Lord Prentis of Leeds Excerpts
Lord Prentis of Leeds Portrait Lord Prentis of Leeds (Lab)
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My Lords, what happened at P&O was a dreadful abuse of employment rights—an abuse that was rightly condemned but one that, regrettably, is not limited to a few ruthless employers such as P&O. Employers across our economy, public sector and private sector alike, are now routinely using fire and rehire to force through unilateral changes to employment contracts—British Gas being among the worst.

During the 2020 Covid-19 lockdown, while the nation applauded our essential workers, British Gas, unbelievably, threatened to fire and rehire its entire workforce of 20,000. In May 2020, all employees were told that they would have to sign new contracts—contracts far worse than the ones they had—or face redundancy. The new contracts increased hours with no extra pay, took away payments for weekend working and undermined the long-standing pay agreements within gas. Trade unions such as mine that stood up for the workforce were threatened with derecognition; for British Gas, the current legislation is an irritant to be ignored.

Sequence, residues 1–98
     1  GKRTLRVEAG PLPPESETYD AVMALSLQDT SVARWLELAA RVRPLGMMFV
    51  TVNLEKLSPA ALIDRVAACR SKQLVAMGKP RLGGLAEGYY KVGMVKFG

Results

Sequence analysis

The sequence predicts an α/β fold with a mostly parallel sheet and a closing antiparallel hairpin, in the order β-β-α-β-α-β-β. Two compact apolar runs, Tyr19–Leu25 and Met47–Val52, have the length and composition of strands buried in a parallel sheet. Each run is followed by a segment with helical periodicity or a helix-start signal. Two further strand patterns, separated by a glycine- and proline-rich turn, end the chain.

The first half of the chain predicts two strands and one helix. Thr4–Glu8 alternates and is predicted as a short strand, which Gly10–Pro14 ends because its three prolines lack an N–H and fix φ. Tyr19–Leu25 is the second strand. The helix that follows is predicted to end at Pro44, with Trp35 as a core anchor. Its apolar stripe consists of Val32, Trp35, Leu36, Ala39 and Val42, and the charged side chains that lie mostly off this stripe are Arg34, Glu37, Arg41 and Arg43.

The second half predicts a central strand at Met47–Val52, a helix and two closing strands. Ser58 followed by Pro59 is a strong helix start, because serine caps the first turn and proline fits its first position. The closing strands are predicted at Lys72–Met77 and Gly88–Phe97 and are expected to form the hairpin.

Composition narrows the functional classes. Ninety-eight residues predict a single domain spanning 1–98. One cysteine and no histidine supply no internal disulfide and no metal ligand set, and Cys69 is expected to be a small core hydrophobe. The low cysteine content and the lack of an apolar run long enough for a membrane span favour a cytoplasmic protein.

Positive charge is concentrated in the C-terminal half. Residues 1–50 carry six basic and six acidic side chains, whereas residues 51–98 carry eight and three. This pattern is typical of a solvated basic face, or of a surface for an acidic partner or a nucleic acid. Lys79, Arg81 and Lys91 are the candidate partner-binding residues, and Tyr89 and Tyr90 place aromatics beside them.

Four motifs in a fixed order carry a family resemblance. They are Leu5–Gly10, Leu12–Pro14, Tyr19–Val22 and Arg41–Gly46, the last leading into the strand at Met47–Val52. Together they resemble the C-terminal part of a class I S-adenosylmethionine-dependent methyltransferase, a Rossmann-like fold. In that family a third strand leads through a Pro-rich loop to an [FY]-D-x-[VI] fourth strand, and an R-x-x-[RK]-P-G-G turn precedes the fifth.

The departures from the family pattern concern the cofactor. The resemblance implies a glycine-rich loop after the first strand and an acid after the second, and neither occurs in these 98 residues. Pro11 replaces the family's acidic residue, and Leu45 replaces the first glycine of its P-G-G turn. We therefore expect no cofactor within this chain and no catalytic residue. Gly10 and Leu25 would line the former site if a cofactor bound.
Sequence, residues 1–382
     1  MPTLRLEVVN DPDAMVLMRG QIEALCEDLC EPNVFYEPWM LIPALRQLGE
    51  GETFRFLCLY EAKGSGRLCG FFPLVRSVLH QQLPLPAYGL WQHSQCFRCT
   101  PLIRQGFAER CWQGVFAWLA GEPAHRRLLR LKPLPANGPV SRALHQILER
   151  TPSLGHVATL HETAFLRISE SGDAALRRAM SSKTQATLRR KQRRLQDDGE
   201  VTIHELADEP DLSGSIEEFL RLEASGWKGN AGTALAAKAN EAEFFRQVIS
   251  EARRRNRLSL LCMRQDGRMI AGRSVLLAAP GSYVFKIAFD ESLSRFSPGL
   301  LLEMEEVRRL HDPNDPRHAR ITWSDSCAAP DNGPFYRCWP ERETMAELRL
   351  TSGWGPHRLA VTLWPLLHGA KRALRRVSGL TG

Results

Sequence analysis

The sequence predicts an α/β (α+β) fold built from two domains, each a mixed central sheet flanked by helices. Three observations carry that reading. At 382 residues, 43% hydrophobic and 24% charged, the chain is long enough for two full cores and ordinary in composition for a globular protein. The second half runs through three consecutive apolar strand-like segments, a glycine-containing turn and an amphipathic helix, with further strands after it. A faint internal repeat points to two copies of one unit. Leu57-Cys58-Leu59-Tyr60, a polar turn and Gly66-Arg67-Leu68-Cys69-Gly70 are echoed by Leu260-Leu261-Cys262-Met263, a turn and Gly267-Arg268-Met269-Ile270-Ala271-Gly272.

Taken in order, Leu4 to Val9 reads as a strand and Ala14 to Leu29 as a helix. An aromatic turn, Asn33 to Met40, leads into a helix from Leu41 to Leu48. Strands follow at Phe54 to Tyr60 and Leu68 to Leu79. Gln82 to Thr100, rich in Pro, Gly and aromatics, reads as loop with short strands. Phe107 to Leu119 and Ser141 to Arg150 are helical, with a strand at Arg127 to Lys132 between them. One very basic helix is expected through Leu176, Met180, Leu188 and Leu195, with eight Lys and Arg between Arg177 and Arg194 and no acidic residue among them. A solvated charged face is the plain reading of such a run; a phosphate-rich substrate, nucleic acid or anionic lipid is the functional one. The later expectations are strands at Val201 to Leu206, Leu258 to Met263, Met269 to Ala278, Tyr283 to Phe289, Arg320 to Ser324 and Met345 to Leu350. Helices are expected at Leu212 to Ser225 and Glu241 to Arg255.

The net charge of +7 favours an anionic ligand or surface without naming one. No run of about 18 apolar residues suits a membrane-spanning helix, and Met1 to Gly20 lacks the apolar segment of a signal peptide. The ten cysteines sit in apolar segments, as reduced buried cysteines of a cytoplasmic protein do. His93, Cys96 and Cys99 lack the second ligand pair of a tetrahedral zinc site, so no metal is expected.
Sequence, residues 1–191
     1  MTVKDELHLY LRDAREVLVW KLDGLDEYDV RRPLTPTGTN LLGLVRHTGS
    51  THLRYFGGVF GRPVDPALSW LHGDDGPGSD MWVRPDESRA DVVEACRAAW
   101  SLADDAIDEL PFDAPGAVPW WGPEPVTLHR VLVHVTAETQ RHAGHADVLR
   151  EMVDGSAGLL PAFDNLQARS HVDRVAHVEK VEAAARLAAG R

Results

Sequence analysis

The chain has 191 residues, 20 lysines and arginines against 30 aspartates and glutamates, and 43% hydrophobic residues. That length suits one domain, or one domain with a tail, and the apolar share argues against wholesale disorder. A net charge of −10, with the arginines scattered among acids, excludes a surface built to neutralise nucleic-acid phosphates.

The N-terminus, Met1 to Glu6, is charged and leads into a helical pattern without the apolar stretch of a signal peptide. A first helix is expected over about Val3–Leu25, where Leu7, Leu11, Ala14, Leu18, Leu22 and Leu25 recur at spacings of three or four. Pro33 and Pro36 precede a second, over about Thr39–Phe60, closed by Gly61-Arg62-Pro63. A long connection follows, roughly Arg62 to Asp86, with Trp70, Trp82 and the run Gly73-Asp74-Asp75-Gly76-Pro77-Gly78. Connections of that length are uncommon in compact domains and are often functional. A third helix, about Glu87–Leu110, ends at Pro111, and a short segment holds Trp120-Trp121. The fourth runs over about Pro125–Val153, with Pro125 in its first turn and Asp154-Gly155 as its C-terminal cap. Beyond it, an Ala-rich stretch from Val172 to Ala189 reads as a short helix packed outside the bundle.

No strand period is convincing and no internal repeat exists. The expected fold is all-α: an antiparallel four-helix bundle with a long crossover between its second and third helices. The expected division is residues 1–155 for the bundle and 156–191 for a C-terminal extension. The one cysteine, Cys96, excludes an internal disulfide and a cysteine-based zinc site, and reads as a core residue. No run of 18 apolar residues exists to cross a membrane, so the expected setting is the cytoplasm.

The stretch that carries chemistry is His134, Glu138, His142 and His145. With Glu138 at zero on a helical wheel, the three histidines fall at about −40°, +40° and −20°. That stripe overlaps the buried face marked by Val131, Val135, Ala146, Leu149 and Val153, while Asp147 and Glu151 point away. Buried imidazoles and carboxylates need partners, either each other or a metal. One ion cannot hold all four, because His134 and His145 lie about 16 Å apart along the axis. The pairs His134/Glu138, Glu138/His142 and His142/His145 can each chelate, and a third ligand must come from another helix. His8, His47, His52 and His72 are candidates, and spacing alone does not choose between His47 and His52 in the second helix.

Many in this Chamber have expressed their concern at the dreadful salaries earned by our care workforce. The care service is on its knees, with hundreds of thousands of vacancies, yet who would believe that care workers could be the victims of fire and rehire? But that is what is happening to care workers employed by Shaw healthcare in Powys. Carers, already the lowest paid, are losing their contractual 30-minute paid break; their shifts are being extended with no extra pay; their contractual right to eating prepared food with residents is being snatched away; and their livelihood is gone if they do not sign new contracts.